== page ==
Wind turbine could generate power and educational tools at Eudora High School
When Eudora High School math teacher Scott Keltner teaches his students how to calculate rates next semester, he hopes to be standing in front of a wind turbine next to the school’s football field.
This month, the school received the final sign-off from the city of Eudora to build the turbine. Now, it’s just a matter of raising the funds to cover the cost of installing it. While the school’s administration encouraged the project, it did so with one caveat: The district didn’t have any money to spend.
“We’ve got all the dominoes set up, and are just ready to knock them over,” Keltner said.
Keltner has been applying for grants to help fund the project, which could cost between $8,000 and $10,000 to install. In the best of circumstances, the tower could be up by graduation, but it might have to wait until football season or longer.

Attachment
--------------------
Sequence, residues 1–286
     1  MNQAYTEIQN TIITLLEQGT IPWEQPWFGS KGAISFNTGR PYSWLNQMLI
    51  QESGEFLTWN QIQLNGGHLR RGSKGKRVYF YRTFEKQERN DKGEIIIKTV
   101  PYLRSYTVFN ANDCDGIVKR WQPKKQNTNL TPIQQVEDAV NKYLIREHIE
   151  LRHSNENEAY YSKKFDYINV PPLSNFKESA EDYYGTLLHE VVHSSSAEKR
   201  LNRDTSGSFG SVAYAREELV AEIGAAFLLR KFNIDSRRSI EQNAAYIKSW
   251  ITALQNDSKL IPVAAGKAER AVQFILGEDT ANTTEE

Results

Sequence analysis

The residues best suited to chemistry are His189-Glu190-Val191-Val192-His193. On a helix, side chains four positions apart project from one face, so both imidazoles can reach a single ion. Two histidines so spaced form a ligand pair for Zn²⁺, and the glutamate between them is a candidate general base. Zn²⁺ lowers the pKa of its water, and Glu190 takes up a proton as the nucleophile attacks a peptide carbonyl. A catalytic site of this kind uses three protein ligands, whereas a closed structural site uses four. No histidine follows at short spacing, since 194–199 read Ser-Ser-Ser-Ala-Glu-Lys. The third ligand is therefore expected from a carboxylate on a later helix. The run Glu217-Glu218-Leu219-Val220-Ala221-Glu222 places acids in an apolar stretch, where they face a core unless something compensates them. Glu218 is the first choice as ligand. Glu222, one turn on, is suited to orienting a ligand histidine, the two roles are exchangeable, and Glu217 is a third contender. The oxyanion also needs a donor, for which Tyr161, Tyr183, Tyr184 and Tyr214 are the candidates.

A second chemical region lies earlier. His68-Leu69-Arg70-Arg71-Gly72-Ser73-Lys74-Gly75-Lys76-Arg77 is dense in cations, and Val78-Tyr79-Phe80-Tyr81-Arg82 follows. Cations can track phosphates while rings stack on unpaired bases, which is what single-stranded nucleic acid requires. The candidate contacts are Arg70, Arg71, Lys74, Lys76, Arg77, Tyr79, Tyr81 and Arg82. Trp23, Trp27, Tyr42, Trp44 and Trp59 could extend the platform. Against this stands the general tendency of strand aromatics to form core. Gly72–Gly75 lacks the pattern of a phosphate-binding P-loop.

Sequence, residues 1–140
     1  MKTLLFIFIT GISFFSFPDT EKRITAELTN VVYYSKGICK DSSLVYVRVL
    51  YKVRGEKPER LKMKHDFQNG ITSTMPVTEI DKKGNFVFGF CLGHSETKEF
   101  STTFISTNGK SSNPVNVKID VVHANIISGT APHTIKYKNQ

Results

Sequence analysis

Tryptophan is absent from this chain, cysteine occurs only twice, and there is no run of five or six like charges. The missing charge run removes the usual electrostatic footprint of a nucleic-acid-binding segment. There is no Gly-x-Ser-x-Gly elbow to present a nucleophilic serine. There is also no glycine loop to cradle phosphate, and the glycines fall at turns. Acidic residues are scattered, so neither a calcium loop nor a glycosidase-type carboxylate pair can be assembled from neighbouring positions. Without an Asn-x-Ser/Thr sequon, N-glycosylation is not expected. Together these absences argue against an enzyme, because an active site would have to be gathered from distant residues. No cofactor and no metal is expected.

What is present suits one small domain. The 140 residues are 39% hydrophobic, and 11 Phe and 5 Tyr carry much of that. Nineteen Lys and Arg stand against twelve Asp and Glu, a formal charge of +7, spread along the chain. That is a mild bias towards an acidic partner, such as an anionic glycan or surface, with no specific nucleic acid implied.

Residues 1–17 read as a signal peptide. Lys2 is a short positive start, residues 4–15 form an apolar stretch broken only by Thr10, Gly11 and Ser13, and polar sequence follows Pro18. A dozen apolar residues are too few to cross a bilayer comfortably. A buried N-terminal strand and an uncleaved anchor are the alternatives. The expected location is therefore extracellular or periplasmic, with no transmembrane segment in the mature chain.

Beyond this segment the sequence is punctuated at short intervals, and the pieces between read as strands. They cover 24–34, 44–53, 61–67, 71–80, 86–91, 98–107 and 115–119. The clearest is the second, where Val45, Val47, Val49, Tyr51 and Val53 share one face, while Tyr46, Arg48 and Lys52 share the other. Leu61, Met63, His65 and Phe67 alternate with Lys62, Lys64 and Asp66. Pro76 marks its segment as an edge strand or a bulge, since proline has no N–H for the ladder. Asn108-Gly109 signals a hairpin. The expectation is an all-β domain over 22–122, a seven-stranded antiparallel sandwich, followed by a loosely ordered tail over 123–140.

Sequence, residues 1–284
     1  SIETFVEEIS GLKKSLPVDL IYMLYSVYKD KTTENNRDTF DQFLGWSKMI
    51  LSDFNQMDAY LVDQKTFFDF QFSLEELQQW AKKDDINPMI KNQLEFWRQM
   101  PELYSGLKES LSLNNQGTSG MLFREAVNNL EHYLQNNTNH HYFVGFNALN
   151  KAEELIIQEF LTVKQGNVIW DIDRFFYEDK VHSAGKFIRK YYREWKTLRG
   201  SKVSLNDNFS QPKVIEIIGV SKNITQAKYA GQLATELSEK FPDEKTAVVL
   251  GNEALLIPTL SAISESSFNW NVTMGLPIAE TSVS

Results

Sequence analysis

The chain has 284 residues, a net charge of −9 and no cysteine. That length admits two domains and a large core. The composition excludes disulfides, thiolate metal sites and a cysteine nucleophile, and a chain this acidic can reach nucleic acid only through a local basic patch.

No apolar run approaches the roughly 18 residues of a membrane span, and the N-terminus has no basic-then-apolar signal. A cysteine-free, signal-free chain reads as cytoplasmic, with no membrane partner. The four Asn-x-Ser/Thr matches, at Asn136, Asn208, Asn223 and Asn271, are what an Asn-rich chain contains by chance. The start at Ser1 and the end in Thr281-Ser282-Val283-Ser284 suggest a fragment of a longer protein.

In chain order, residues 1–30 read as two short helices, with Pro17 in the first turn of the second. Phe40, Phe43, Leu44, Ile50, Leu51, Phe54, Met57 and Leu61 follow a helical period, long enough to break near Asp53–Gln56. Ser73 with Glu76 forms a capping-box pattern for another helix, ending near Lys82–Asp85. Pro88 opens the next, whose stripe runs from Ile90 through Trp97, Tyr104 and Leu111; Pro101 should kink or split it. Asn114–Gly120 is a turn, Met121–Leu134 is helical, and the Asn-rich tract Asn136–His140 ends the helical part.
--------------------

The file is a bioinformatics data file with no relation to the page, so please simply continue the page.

The 51-foot high turbine with six-foot blades will stand just inside the district’s stadium fence.
With the right wind speeds, the turbine would generate 2.4 kilowatts of electricity. A nearby transformer has the ability to feed 120 volts to the stadium’s press box and concession stand. The energy won’t be enough to power all the overhead lights of a night football game, but it could help cover the fewer number of lights left on for nighttime walkers and runners, plus two drink coolers in the concession stand.
But Keltner sees the greatest potential in the classroom.
Along with being a tool to better demonstrate a real-world use of rates, the wind turbine generates data that students can use to build graphs, compute standard deviations and calculate long-term averages.
Those concepts are easier to grasp when students can feel 12 mph winds and see the blades spinning, Keltner said.
Keltner also hopes it will inspire students to become interested in the renewable energy industry. He points to the booming number of students looking to be wind turbine technicians.
“It seems to be a reasonable way to approach students that here is an emerging job field, here is what you can do with it, this could be the wave of the future for our state,” Keltner said.